Construction Safety Investment: An Ethical and Lucrative Decision

Topics: construction site safety, construction safety, accident prevention, workplace safety, health and safety

Michael Tobias
Author : Michael Tobias on October 6, 2020

Accidents have a significant impact on construction projects, and contractors cannot afford to ignore risk factors. While minor accidents may only cause light injuries and some disruption, a severe accident can mean the end of a project or company. The human consequences of accidents cannot be quantified in monetary terms. However, there are many expenses that can quickly add up thousands of dollars: medical services, litigation, material and equipment damage, property damage, penalties from missed deadlines, and even lawsuits.

In many construction projects, safety procedures are viewed as an unavoidable expense or even a waste of time. When contractors have invested in safety equipment, and an activity is completed without incidents, reaching this wrong conclusion is possible. However, the cost of doing nothing is much higher than the cost of prevention, and this has been proven by several studies and industry organizations.


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Accidents are normally associated with costs like workers’ compensation, medical expenses and legal services. However, construction accidents also lead to indirect costs, such as hiring replacement staff and implementing corrective measures. In high-risk industries like construction, indirect costs can be several times higher than direct costs.

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Comparing Construction Safety Costs with Accident Costs

Accident prevention involves expenses like personal protective equipment (PPE), and it is true that many activities could be completed faster with less safety protocols. However, the decision to ignore safety is neither ethical, nor smart from a business standpoint. Worker lives are put at risk even when no accidents happen, and corporate image can be hurt greatly. Also, when accidents do happen, facing their consequences can be far more expensive than having prevented them.

According to OSHA, US companies pay over $1 billion per week in workers’ compensation for disabling and non-fatal injuries. Preventing these accidents protects the quality of life for workers, while offering major savings for their employers. When the full impact of workplace injuries and fatalities is considered, they cost around $151 billion per year for the US economy.

The human impact of accidents is also significant, and it exceeds any financial losses: in 2018 alone, the US Bureau of Labor Statistics reported 2.8 million work injuries and illnesses, and 5,147 fatalities.

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Many organizations have compared prevention costs with accident costs, and doing nothing is far more expensive in all cases. The US National Safety Council surveyed financial managers, and 60% answered that every dollar invested in prevention saves $2 in accident consequences. The European Commission reached a similar conclusion, estimating that the benefit-cost ratio of accident prevention is up to 2.18 - every euro invested in safety yields up to €2.18. Finally, a UK study found that companies save up to £3 for every £1 invested in accident prevention.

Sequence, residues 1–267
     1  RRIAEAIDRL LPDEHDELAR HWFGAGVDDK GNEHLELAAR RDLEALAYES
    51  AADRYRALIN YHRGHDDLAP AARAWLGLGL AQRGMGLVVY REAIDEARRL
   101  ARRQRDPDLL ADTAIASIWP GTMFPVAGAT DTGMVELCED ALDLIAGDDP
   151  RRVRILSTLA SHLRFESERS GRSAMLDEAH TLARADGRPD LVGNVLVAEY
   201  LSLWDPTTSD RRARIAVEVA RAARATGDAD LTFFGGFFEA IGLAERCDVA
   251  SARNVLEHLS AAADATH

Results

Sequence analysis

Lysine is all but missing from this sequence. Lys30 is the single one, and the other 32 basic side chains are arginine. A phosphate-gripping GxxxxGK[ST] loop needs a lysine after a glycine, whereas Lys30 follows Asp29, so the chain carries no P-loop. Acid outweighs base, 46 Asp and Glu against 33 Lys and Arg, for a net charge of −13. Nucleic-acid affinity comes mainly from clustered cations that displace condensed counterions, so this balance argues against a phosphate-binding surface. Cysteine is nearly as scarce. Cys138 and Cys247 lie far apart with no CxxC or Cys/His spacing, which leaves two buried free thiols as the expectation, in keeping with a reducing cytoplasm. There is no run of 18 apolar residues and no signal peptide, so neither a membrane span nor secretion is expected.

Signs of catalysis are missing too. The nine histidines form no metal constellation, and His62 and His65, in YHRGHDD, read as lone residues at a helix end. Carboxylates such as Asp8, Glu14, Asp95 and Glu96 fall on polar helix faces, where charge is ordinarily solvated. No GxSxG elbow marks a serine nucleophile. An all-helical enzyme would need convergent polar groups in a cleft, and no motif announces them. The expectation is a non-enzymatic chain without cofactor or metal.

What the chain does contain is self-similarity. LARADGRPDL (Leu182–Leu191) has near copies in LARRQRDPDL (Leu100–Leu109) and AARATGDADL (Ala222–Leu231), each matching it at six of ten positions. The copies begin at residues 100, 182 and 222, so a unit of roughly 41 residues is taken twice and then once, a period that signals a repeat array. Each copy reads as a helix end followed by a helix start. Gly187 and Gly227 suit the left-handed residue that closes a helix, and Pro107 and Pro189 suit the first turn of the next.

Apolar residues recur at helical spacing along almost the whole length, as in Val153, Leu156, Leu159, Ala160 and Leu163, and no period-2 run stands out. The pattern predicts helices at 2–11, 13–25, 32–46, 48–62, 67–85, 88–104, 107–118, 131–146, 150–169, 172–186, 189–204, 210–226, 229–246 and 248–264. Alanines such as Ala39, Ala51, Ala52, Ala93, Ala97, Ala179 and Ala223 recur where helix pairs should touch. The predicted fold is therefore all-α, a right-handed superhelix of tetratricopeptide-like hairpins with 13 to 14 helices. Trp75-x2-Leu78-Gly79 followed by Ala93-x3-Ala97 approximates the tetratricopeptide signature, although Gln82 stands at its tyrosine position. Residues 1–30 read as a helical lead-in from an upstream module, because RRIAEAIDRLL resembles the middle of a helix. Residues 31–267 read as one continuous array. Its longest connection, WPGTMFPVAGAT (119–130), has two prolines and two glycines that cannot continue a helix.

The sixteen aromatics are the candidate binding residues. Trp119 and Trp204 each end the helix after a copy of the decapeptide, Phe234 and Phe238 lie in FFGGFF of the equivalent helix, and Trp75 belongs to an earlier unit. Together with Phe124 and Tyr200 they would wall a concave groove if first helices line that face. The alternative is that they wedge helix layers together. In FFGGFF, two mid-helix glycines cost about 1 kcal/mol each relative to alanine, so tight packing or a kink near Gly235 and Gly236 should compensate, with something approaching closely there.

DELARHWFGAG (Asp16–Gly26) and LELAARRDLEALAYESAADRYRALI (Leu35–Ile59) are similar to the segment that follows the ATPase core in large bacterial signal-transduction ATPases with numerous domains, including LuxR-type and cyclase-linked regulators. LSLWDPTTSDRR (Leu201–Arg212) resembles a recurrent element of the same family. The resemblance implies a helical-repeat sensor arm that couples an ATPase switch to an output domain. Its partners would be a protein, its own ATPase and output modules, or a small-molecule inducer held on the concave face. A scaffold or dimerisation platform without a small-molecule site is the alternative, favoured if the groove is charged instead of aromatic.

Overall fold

The results of multiple studies point to the same conclusion: doing nothing about construction accidents is 200% to 300% more expensive than investing in prevention measures. In the case of construction, being an outdoor industry, the weather is also a risk factor that cannot be ignored: according to the National Oceanic and Atmospheric Administration (NOAA), a $200-million project  loses $250,000 in a single day of weather-related delays.

The National Safety Council estimated that each prevented injury or illness saves the employer $37,000, and each prevented fatality saves $1,390,000. Protecting workers is an ethical responsibility for companies, and they also achieve major savings by doing so. According to the International Labor Organization, the impact of work-related accidents and health issues is equivalent to 4% of the world GDP.

Can Technology Improve Construction Safety?

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Contech or construction technology is a promising field that could evolve into a multibillion dollar industry before 2030. Contech can improve many aspects of the construction industry, and this includes accident prevention.

  • For example, wearable tech can be used to track workers individually in project sites, at all times. When they step into a dangerous area, such as the swing radius of a crane in operation, they can receive an audiovisual notification immediately.
  • Construction managers can also be notified automatically, and they can give the right instructions to prevent another risky situation.

Wearable tech can also be used to enforce social distancing measures during health emergencies like the current COVID-19 pandemic. For example, worn devices can detect when workers are not keeping a safe distance, and they can be notified immediately.

Technology can also be used to gather site data more effectively with digital formats, and this includes information about workplace risks.  On the other hand, when inspections are conducted with printed forms, the information takes longer to reach decision-makers.

Construction accidents can be very expensive, while having a human impact that cannot be calculated. However, prevention has a much lower cost than assuming the consequences, and emerging technologies can help safety managers do their job more efficiently.

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